They definitely translate incredibly well from the video game. Anybody who’s a fan will watch this and see Pyramid Head and completely appreciate what you guys are doing.
MJB: I hope so, I hope so. It’s the weight, y’know, because he’s carrying this…it’s a big sword.
MJB: It’s not a real metal sword, you can move it around, but he plays that weight, and he plays the pain, and I remember, he’s on the set, it was maybe the first couple days we were working with Roberto, and we’d done the first movie five years ago, and I wasn’t involved and that was Sammy, Sammy was there, and I saw Sammy scuttling onto the set, and saying to him, ‘More pain, more pain!’ Seriously, and just to play that and suddenly it’s like he remembered what it was and he just dropped and he played the pain of being that creature again. It’s fun.
Adelaide is such a wonderful discovery, and I know the story about how you bumped into her at Sundance, but now we see her on the screen…
SH: You know, when I met her, I felt the same physical resemblance with the character of the video game. I was looking to the cover of the…he was casting in LA, and then I went to Sundance because there were lots of agents I cannot meet in LA…and I see this lady and I said, ‘Wow, she looks like the cover.’ …And obviously, I went to see her and I said, ‘Can I show you this picture? Are you coming to LA? Would you go to see my director to be cast to be in the movie?’ And she told me, ‘Yeah, yeah, sure, sure,’ not believing anything I was saying.
MJB: ‘Hey, I’m a film producer.’
SH: But you know, what is important is that she was in a Japanese movie, she was Australian like Radha Mitchell, and she knew the world of Japan, because the video game comes from Japan, and she was speaking French and she lived in France, and I said, ‘There is three areas that we are hitting together,’ plus they look alike, so I said, ‘You should come.’ And she came.
What about Kit?
MJB: Oh well, Kit, we spent a lot of time looks for guys. Kit was one of the very first lads that came in to meet me in London, and from that first day, I said, ‘It’s gonna be Kit.’
Was that before Game of Thrones?
MJB: He’d done Game of Thrones, but it hadn’t been broadcast, so he still, his only real credit was what was on the stage in London. Game of Thrones, ‘Hey I’m looking forward to that, how’s it gonna be?’ ‘I think it’s gonna be fine.’ Quite an understatement. But he…you can tell really, really quickly when an actor walks into a room, you do the full audition, you give them the full time, but I can tell in ten seconds if it’s, if this is the person I’m gonna warm to, like, they’re gonna have the talent to do what I want them to do and Kit had all of those things so I, for me it was very easy, it was just, he stared forefront of my mind through all the other fifty-odd other actors we finally met and it was always Kit. Partly, he’s a very handsome young man, as an actor he’s got real subtlety and flexibility, and the nature of the character that he plays, although it’s Vincent, who is a character from the third game, it’s really a very, very faint similarity between the two of them. I took this Vincent character and did something totally different with him, something some of the fans will obviously be a bit annoyed about, but I needed to get a guy who we liked, this notion of ‘love interest’ has to be played. It doesn’t ever go where you think it’s going to go, but that’s what you’ve got to think the job of his character is to be, and it becomes something different. So, yeah, with Kit, he’s a talented young guy, and clearly he’s a big name now, certainly when you’re walking through Comic-Con with him.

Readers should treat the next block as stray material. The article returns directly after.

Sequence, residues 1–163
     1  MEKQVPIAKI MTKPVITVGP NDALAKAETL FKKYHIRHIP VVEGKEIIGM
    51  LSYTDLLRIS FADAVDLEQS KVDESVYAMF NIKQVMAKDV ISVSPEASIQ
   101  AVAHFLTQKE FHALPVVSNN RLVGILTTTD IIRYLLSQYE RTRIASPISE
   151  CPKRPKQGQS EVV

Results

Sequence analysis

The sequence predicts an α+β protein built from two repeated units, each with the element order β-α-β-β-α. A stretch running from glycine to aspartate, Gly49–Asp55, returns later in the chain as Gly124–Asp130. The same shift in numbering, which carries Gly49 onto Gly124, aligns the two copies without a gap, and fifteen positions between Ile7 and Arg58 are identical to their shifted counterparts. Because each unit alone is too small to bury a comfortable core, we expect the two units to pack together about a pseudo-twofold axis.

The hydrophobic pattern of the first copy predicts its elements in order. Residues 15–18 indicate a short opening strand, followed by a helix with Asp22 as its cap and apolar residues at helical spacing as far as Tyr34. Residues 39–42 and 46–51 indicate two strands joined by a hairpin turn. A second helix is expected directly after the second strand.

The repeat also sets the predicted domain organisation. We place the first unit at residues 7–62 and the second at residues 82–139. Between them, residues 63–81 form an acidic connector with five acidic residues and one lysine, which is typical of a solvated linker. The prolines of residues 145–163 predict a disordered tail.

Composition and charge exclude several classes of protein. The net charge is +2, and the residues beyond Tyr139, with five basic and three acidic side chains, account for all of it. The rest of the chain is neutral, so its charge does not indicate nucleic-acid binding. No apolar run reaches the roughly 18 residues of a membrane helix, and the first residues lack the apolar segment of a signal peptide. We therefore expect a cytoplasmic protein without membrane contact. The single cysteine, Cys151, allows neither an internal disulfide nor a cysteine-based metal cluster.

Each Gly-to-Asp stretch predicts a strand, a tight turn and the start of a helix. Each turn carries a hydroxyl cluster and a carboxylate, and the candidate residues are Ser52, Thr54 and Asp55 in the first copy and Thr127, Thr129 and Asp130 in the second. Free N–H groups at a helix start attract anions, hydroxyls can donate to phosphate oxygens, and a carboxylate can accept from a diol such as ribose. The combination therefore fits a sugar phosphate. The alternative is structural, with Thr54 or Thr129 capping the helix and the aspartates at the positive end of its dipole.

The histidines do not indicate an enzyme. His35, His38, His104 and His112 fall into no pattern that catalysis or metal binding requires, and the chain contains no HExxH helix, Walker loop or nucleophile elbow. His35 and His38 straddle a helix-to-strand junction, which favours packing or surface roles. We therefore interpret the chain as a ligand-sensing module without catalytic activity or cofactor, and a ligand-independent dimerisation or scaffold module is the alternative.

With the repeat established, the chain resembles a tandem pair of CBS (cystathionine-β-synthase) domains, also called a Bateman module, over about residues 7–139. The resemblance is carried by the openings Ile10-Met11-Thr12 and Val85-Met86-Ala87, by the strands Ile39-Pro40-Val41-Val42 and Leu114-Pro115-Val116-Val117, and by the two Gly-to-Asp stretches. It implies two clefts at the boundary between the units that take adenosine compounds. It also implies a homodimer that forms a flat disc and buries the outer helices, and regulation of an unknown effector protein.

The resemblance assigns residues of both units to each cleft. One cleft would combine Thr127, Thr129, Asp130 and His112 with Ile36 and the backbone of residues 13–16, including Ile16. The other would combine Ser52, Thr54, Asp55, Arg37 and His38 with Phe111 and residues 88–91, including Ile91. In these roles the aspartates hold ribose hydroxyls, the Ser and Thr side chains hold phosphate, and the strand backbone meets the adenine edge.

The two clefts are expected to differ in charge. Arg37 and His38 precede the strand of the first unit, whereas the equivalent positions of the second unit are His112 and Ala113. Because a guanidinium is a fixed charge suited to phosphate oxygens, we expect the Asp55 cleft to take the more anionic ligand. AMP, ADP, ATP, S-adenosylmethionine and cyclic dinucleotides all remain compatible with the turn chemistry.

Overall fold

When you met Adelaide, was it the same ten-second reaction you had with Kit?
MJB: Yeah, Sammy had called me and said, ‘Come and meet this girl,’ and again…the physical similarity to me didn’t matter that much, I don’t think the idea of casting based on pixels is necessarily relevant. You’ve got to cast the person who does the job. …With Addie, what was interesting is that she is, she seems so vulnerable, y’know, she’s sort of willowy and slim, has this wonderful radiant skin, and it seems innocent, but you want somebody who’s got strength. This is not a character who is kind of reactive to horror, she plunges deliberately into this world to save her dad. The story of this movie is kind of completely unconnected reasons to the first movie, the first movie is parents looking for their kid, this is kid looking for parent. And I needed a girl who could do that and plausibly feel like she was in danger and was vulnerable, but at the same time we understood that her strength was there enough for her to do what was needed, and of course then, she has to be Dark Alessa as well. So there’s the other side of the character that is this kind of dark version of herself, who she also plays, so she plays against herself in one scene. So you needed to find somebody that could have that sort of…a little bit of inner darkness can be pulled out if need be, and Addie seemed to do all those things.